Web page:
Phishing is a type of social engineering attack often used to steal user data, including login credentials and credit card numbers. It occurs when an attacker, posing as a trusted entity, tricks a victim into opening an email, instant message, or text message. The recipient is then tricked into clicking on a malicious link, which can lead to the installation of malware, a system freeze as part of a ransomware attack, or the disclosure of sensitive information. This article will talk about the types of phishing techniques and prevention.

Phishing techniques

Here is a brief overview of five common phishing threats that often crop up in business environments. Each example features “Bob”, a mid-level employee in the finance department who is trying to get through his busy day and respond to hundreds of emails.

  1. Trust abuse – Bob receives an email from what he thinks is his bank asking him to confirm a bank transfer. The email takes you to a link that looks like his bank’s website, but is actually a “spoofed” but identical copy of his bank’s website. When he gets to the page, he entered his credential but nothing happened. Too late, Bob has just given his bank password to a cyber criminal.
  2. fake lottery – Bob receives an email saying that he won a prize in a sweepstakes. Bob is usually too smart to fall for this trick. However, this email is from his boss, Joe, and refers to a charity they both support. You click and end up on a fake page that loads malware.
  3. Data update – Bob receives an email from Joe telling him to take a look at an attached document. The document contains malware. Bob may not even realize what has happened. He looks at the document, which looks normal. The resulting malware could record your keystrokes for months, compromising your entire network and causing massive security breaches throughout your organization.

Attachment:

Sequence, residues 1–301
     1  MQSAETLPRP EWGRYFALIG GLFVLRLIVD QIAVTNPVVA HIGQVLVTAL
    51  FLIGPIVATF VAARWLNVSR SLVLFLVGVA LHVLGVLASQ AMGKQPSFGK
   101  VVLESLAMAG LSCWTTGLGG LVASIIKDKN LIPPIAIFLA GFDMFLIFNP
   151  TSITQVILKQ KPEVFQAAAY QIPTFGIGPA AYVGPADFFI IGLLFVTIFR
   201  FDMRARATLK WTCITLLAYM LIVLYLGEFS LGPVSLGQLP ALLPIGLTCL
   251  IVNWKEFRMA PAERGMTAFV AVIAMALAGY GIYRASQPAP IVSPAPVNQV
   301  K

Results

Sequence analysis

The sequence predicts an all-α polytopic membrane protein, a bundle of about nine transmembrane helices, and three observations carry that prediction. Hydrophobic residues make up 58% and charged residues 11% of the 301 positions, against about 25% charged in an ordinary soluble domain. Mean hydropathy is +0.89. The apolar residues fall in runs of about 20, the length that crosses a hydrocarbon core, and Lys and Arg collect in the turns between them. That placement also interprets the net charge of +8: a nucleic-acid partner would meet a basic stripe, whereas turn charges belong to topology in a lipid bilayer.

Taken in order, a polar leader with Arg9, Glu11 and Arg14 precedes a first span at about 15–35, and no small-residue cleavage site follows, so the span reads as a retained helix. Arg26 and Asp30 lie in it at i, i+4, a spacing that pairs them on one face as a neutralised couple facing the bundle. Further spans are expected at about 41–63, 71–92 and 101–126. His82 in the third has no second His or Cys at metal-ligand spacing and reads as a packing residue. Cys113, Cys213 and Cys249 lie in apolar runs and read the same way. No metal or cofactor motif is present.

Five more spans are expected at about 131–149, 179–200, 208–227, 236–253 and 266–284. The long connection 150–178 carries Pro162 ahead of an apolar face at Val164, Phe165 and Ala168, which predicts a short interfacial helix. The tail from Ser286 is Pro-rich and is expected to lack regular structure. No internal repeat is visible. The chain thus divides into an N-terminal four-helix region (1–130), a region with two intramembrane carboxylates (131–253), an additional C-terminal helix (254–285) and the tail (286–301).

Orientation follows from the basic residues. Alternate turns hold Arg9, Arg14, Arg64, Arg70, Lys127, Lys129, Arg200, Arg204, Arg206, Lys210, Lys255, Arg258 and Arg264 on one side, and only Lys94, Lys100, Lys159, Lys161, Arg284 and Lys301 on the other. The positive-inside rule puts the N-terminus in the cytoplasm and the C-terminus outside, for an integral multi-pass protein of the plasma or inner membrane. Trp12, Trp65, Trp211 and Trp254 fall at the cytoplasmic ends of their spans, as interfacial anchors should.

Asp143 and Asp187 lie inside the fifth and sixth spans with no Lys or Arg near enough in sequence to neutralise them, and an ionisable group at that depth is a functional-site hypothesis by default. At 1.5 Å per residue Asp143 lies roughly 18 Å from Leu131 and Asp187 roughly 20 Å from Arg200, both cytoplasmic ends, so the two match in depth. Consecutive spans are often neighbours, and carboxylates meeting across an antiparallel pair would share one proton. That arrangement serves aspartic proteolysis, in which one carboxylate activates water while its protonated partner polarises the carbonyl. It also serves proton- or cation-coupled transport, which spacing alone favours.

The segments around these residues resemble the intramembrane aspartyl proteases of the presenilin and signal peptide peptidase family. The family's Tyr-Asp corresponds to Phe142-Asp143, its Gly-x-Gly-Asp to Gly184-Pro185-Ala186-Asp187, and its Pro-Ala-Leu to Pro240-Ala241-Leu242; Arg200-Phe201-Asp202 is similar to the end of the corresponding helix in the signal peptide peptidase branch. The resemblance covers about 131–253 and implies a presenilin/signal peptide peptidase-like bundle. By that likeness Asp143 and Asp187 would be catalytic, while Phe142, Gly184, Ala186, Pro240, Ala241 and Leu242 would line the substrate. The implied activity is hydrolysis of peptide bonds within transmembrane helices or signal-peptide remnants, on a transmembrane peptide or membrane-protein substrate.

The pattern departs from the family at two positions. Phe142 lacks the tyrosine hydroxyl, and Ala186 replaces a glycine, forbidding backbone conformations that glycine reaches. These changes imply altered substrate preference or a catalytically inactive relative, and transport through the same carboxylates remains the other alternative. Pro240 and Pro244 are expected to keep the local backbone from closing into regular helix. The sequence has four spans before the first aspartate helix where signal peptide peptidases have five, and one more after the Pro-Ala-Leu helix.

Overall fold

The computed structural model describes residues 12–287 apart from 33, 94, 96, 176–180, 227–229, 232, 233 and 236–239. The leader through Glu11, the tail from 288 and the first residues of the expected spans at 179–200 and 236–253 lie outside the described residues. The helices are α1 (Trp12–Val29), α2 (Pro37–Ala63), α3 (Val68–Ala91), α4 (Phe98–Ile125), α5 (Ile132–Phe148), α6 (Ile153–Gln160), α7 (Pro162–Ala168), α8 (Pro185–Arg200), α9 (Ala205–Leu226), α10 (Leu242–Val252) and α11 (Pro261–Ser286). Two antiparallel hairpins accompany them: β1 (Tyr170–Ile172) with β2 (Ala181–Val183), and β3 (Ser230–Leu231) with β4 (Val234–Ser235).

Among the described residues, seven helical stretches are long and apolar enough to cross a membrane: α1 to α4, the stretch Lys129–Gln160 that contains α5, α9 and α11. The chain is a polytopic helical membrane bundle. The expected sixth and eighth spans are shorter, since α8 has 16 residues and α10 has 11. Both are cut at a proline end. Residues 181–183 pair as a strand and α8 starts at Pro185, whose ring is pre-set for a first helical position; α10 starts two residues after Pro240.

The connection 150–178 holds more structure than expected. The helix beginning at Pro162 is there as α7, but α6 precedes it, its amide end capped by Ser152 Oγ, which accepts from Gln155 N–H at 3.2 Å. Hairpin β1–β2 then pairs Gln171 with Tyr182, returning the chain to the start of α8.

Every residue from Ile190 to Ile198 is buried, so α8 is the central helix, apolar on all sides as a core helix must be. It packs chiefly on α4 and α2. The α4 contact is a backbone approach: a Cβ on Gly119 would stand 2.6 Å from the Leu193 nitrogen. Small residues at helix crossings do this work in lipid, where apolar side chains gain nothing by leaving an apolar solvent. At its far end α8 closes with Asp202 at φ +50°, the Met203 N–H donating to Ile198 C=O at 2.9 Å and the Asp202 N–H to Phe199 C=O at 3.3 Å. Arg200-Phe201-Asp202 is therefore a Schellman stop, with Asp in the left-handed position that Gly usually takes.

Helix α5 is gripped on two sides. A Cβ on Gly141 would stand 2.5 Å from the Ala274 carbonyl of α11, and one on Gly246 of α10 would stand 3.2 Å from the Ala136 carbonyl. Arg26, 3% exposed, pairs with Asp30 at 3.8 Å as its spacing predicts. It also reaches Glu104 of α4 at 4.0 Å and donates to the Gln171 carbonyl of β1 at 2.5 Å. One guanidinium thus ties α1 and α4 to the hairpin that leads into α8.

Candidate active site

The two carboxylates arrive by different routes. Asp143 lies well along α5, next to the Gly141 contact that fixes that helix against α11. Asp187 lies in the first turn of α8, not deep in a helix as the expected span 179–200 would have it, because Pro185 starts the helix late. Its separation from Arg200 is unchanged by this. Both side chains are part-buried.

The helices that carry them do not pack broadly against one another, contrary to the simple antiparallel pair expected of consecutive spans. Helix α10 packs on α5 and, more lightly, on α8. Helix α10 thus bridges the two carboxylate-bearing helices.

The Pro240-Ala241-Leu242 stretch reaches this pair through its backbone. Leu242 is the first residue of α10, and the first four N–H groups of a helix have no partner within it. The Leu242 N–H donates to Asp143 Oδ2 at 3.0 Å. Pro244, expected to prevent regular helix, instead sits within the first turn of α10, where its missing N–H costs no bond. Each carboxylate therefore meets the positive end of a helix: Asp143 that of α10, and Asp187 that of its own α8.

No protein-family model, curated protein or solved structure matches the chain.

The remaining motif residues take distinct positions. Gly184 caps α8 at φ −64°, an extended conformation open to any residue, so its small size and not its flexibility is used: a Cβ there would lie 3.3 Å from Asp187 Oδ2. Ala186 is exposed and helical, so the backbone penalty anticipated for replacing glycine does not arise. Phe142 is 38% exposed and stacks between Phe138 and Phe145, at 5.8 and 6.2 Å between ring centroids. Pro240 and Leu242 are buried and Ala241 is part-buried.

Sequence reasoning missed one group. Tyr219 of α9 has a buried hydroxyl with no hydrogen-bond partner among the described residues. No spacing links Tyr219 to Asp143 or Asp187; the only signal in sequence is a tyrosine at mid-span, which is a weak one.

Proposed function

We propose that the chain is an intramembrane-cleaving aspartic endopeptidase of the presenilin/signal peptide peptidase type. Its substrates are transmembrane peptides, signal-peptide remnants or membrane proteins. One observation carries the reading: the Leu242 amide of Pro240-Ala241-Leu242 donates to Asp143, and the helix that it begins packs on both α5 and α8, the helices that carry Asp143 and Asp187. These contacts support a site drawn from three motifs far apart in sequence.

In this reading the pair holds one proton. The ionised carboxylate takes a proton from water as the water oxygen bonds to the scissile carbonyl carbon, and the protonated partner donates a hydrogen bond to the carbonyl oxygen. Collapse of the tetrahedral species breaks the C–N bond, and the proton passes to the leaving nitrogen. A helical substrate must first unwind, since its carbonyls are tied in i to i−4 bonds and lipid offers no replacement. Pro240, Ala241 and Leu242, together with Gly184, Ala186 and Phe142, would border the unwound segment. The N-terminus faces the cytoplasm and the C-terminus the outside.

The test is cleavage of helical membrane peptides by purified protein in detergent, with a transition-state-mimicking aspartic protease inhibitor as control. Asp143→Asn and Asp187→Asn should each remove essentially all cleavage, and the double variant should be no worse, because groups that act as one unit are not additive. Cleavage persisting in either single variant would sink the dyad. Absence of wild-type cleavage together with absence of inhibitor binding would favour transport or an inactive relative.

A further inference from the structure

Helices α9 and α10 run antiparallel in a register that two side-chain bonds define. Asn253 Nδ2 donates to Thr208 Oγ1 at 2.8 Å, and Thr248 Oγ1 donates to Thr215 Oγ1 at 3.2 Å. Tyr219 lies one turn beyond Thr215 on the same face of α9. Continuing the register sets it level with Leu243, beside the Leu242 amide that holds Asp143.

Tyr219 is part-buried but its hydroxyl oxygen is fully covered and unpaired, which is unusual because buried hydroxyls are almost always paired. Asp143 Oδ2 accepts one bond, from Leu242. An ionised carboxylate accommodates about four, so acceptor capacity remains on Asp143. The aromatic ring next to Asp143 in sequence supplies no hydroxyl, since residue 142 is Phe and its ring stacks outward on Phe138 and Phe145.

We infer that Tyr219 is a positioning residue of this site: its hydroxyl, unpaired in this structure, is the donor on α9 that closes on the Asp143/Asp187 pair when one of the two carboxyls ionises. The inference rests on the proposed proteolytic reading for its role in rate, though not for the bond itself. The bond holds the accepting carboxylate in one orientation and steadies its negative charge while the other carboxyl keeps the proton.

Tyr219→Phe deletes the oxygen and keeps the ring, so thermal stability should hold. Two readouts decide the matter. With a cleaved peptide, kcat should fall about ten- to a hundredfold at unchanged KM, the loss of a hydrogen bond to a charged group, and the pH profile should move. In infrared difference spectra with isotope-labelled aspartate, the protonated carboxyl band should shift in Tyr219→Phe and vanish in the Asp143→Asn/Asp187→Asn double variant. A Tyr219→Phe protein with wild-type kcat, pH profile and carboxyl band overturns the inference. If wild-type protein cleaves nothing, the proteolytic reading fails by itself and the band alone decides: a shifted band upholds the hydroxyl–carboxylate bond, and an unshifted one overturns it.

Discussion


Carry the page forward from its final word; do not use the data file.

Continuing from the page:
4. sentimental abuse – Bob receives an email from someone claiming to be Joe’s brother-in-law. He had cancer and his insurance was cancelled. He asks Bob to donate to help him recover from his illness. Bob clicks on the link and is taken to a fake charity site. The site could harbor malware or simply steal Bob’s credit card information through a fake “online donation.”
  5. Interpretation – Bob receives an email from his boss Joe, who says that he needs money by bank transfer to a provider known as prepaid for an emergency job. Can Bob send them the money right away? He seems pretty routine. Bob transfers the money to the requested account. The money is untraceable and is never seen again.

Prevent phishing attacks

  1. Stay informed about phishing techniques – New phishing scams are constantly being developed. If you don’t keep up with these new phishing techniques, you could inadvertently fall victim to one. Keep an eye out for news about new phishing scams. By finding out about them as soon as possible, you will have a much lower risk of being caught by one. For IT administrators, ongoing security training and simulated phishing is highly recommended for all users to keep security top of mind throughout the organization.
  2. Think before you click! – It’s okay to click on links when you’re on trusted sites. However, clicking on links that appear in random emails and instant messages is not such a smart move. Hover over links that you are sure of before clicking on them. Do they lead where they are supposed to lead? A phishing email may claim to be from a legitimate company and when you click on the website link, it may look exactly like the real website. The email may ask you to fill in the information, but it may not contain your name. Most phishing emails will start with “Dear Customer”, so be alert when you come across these emails. When in doubt, go directly to the source instead of clicking on a potentially dangerous link.
  3. Install an Anti-Phishing Toolbar – The most popular Internet browsers can be customized with antiphishing toolbars. These toolbars run quick checks on the sites you are visiting and compare them to lists of known phishing sites. If you come across a malicious site, the toolbar will alert you about it. This is just one more layer of protection against phishing scams, and it’s completely free.